Quick poll: If you could suggest one tech policy proposal for the Presidential candidates to adopt, what would it be?
Later today, I am speaking on a panel at the Personal Democracy Forum about national tech policy. In the poll below, I’ve listed some general policy proposals that are important to the tech community dealing with Net neutrality, patent reform, H1B Visas, copyright, renewable energy, open-source adoption, and appointments to the FCC.
Please vote and let me know which one you care about the most.
I’ve already started asking some people in the tech community for their ideas, some of which are reflected in the poll. Marc Andreessen says:
I would advocate unlimited H1B’s for anyone college educated (“brain drain the world”) and eliminating software and business method patents.
Also a huge government push to use free and open source software.
Dave Burstein, the editor of DSL Prime has a suggestion for the candidates:
Make sure some of your appointments to the FCC and other agencies have technical competence.
Not one of the 5 FCC Commissioners has a technical background, nor do most of their aides and bureau chiefs. Nearly every rumored candidate for these jobs is a lawyer. One of the best possible choices tells me he has no chance, because he “isn’t a politician.” Far too often decisions simply don’t make sense, possibly because no one senior realizes when the lobbyists are lying. Lawyers and history professors can also have a place, but some of the people at the top should also know the subject in depth
Suggest your own national tech policy proposal in comments. (This is quick and dirty, but we’ll be refining our thinking on this over time with your feedback. A good place to bone up on these and other tech policy issues, and where Barack Obama and John McCain stand on them is at our Tech Primaries site).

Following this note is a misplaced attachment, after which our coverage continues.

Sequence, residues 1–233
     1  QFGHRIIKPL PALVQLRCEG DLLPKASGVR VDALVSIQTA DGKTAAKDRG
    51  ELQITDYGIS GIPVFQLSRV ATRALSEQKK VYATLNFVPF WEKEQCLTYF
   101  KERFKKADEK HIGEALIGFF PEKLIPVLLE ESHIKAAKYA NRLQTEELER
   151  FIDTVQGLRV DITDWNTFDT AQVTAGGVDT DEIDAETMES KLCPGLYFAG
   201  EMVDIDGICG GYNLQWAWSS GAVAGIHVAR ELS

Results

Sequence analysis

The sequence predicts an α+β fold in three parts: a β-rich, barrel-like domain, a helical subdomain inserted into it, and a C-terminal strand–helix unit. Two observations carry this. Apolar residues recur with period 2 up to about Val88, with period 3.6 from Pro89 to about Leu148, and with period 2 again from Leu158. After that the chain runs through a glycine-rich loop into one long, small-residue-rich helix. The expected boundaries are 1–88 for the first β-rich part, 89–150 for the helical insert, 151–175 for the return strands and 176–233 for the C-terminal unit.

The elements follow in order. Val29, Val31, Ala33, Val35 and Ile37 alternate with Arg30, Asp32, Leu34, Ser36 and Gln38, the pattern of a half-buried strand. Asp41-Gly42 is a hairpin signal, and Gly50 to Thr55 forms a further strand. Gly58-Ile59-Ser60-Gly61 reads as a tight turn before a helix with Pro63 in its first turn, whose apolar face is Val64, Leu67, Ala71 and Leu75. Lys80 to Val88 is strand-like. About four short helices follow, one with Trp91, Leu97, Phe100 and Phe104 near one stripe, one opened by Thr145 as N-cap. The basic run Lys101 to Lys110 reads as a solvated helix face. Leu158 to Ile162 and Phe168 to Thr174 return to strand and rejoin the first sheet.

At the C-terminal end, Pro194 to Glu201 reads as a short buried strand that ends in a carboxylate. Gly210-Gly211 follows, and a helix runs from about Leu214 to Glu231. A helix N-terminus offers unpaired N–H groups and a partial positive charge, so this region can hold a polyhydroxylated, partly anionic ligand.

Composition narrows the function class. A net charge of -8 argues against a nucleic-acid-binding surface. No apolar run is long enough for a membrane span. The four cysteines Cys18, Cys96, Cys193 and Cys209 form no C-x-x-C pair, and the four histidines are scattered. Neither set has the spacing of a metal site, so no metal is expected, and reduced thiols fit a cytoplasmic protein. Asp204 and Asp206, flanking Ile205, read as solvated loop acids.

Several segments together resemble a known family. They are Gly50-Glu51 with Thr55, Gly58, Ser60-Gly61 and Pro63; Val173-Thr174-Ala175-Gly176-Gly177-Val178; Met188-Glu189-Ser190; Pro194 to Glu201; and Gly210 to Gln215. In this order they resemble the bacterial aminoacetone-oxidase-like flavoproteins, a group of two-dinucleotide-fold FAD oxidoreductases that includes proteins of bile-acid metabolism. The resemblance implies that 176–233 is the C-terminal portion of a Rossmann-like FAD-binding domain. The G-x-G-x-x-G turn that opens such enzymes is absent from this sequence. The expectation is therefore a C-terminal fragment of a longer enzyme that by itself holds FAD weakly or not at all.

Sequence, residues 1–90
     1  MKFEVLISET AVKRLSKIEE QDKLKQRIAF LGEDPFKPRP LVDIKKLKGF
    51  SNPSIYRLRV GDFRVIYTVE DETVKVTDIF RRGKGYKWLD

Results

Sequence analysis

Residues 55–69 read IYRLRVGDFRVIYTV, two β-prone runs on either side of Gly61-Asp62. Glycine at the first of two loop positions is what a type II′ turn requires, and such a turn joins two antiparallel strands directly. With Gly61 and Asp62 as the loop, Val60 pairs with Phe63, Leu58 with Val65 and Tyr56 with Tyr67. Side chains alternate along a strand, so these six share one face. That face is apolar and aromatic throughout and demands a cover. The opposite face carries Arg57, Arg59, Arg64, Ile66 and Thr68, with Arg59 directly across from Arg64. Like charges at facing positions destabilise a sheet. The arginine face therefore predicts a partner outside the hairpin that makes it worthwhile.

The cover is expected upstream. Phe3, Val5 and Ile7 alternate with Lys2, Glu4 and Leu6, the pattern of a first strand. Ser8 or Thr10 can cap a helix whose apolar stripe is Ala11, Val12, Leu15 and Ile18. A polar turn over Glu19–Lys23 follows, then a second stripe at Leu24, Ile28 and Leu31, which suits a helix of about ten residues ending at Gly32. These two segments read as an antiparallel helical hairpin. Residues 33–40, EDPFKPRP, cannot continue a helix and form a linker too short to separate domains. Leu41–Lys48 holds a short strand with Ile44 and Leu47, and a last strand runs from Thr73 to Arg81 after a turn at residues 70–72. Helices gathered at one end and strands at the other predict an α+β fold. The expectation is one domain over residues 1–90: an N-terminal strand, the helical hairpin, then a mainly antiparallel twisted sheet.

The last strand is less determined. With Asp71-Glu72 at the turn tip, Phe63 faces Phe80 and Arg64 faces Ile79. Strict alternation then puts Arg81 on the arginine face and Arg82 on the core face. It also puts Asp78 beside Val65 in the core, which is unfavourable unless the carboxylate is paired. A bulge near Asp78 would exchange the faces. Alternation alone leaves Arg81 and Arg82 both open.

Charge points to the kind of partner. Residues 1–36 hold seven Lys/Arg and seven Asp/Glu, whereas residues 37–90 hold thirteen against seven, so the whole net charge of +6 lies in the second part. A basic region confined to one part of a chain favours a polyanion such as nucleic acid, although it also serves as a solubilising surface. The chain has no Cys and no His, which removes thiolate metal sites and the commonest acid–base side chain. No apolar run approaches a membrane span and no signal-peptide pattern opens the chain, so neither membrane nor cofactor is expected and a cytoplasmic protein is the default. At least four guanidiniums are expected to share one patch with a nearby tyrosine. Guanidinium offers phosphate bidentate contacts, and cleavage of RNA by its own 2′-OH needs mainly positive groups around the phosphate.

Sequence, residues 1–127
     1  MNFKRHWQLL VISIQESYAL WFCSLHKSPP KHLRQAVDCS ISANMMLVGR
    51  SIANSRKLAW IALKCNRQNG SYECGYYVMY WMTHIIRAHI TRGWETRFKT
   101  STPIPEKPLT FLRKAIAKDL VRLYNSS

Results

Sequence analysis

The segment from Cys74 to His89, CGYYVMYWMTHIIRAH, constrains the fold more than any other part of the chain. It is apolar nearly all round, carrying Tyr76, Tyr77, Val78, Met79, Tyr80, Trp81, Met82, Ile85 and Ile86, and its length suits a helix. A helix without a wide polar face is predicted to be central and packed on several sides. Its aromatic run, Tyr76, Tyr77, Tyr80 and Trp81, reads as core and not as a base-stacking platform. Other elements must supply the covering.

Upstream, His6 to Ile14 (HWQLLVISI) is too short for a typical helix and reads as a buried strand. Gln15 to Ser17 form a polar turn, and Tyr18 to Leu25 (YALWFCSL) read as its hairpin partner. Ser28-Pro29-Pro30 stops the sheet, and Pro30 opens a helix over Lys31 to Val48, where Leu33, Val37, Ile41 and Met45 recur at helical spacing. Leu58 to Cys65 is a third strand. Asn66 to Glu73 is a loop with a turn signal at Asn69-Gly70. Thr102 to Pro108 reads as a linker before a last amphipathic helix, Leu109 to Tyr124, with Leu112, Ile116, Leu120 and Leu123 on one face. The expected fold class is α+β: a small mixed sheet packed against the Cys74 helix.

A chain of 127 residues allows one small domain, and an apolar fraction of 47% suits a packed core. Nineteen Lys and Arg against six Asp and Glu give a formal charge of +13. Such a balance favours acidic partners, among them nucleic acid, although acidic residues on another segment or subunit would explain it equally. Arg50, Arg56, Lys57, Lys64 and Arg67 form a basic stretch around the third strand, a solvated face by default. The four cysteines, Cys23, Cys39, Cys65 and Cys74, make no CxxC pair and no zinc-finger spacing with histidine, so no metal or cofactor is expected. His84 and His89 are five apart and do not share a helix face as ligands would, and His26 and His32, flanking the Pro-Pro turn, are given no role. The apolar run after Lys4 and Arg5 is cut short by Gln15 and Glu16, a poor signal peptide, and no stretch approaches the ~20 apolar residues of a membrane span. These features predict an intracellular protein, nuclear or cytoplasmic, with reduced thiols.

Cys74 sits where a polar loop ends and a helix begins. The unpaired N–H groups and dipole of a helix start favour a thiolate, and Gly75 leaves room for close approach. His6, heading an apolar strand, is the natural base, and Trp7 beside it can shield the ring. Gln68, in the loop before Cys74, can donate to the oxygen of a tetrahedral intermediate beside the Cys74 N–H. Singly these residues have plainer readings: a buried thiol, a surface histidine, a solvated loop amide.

Update: Chris Sacca weighs in with these ideas:
Net neutraility: While I believe that uniform throttling when done transparently and equally for all applications, including the ISP’s own, can be justified in some cases, we are heading for a major conflict between the delivery of iTunes/Netflix/YT/Hulu content versus the licensed content of the MSOs and Telcos. This will come to a head in the next 18 months.
Spectrum – Three main issues here:
1) Ratification of the TV White Spaces use. Spectrum between broadcaster channels should be reserved for the public good. WiFi has been an amazing public benefit and there is no reason a similar commons cannot be created in the White Spaces (also now being called WiFi 2.0 by some). If the National Association of Broadcaster just decided to cooperate, all alleged interference problems would be easily solvable.
2) ATC (ancillary terrestrial component) spectrum. The FCC granted satellite guys ability to also use their spectrum on a terrestrial basis. However, there is some fogginess around the definitions and this has prevented major buildouts. A new administration could make very clear the utility of this spectrum and it would inspire competitive plays and thus consumers win big.
3) Restrict future spectrum auctions to new entrants. The D block auction failed for a number of reasons, but the rest of the 700MHz auction showed us that yet again the player with the most money will further consolidate spectrum ownership. The public is the big loser when all the airwaves are controlled by one or two players. The FCC should ban incumbents from the reauction of the D block and inspire some real competition for the benefit of all.
Censorship – We should impose sanctions on any nations that censor or otherwise interrupt the free flow of information on the Web. It is becoming downright ridiculous under certain regimes. At a minimum, we should forbid US hardware companies from supplying repressive governments with the tools necessary to filter and restrict access to content. This is no different than monitoring the sale of arms and related technology.